Saturday’s tournament was the first AAU tournament held in Northeast Wyoming, and possibly the entire state, Miller said.






Thanksgiving Tip-Off

Dane Wasson soars to the rim as the Twin Spruce Warriors go on to defeat Douglas 75-11 Saturday during the Thanksgiving Tip-Off 2021.



“This is getting our teams playing opportunities,” Miller said. “We’re creating more opportunities for kids to play basketball and since we’re hosting it here locally, the kids don’t have to travel.”

The tournament was made possible with the recent purchase of 12 free-standing basketball hoops by the Campbell County Public Land Board in September. There was only one bid by Universal Athletic of Gillette that came in for roughly $69,998.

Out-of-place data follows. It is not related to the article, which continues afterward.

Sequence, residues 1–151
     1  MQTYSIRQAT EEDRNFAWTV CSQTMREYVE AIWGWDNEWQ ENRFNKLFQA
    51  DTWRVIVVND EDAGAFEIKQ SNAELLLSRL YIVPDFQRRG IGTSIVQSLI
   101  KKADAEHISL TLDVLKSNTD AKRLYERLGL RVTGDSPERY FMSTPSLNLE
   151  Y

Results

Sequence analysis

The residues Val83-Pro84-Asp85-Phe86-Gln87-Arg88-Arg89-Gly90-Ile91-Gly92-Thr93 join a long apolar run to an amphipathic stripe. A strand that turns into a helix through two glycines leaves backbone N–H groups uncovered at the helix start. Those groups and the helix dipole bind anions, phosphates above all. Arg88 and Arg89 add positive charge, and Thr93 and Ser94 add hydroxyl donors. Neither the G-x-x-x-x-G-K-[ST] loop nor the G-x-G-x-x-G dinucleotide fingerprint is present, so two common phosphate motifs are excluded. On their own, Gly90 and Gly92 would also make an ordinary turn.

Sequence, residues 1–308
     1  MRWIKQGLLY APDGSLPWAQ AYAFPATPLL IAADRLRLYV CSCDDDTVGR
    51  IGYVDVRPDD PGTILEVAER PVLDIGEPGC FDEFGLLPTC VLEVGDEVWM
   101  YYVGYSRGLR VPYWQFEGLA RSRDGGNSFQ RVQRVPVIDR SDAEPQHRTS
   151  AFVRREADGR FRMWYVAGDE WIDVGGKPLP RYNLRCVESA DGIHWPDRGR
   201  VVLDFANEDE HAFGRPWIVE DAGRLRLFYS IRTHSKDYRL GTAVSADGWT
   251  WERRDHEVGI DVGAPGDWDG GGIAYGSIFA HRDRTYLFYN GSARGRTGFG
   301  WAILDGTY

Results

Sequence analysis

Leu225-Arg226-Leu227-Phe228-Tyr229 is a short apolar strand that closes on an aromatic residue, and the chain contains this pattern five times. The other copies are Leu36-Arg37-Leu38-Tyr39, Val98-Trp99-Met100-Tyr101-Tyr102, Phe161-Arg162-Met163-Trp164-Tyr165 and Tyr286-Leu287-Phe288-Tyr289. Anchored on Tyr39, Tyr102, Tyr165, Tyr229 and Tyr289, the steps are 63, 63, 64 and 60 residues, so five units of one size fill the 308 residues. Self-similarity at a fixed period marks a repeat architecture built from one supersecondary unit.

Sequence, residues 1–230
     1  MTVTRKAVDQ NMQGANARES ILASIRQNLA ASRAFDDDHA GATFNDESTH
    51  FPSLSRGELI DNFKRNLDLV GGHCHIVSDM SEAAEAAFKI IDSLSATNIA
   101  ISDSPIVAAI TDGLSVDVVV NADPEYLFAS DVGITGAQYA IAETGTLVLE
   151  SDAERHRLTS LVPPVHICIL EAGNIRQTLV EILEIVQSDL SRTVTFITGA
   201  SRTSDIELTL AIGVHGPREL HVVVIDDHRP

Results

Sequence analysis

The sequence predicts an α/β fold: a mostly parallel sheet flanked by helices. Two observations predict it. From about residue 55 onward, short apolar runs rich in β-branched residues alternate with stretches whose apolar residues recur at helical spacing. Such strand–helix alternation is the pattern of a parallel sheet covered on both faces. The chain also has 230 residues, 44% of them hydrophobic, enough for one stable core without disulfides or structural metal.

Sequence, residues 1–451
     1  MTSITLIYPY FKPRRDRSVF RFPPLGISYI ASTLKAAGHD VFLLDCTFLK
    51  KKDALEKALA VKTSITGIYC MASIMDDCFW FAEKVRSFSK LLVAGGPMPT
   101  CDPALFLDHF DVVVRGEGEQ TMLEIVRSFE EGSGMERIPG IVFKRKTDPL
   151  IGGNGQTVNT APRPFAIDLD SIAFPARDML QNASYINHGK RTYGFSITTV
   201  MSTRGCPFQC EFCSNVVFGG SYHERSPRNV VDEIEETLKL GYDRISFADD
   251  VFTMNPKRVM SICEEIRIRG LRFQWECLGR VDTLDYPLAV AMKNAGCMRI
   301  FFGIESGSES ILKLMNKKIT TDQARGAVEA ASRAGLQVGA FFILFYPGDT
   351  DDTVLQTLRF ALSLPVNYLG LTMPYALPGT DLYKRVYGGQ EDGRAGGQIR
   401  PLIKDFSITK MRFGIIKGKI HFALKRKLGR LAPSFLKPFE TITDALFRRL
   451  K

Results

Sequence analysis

“We wanted to develop tournaments in our area so we weren’t traveling for extended periods,” WYBA co-founder Kevin Couch said. “We’re also part of the sports tourism advisory committee and the idea was to build home-grown events that bring more teams into our community.”






Thanksgiving Tip-Off

Brogan Stewart takes a shot at the basket while sporting a Santa hat during the Thanksgiving Tip-Off 2021 at Cam-plex Saturday morning.



The tournament used the same flooring that was used for the second annual Pepsi Cup, a youth soccer tournament that saw 67 teams compete at Cam-plex in January.

The WYBA has no plans of slowing down following this weekend’s tournament. Miller and Couch have another tournament schedule at Cam-plex in February.






Thanksgiving Tip-Off

Sixth grade Camel girls coach Karen Johnson talks to her team in a huddle Saturday at the Thanksgiving Tip-Off 2021 at Cam-plex.



“It is really cool to have a long-term vision and an idea come to life,” Couch said. “We really are like five or six years down the road from the whole idea so to get to where we’re at right now is greatly satisfying. Now we just want keep growing it and keep making it bigger.”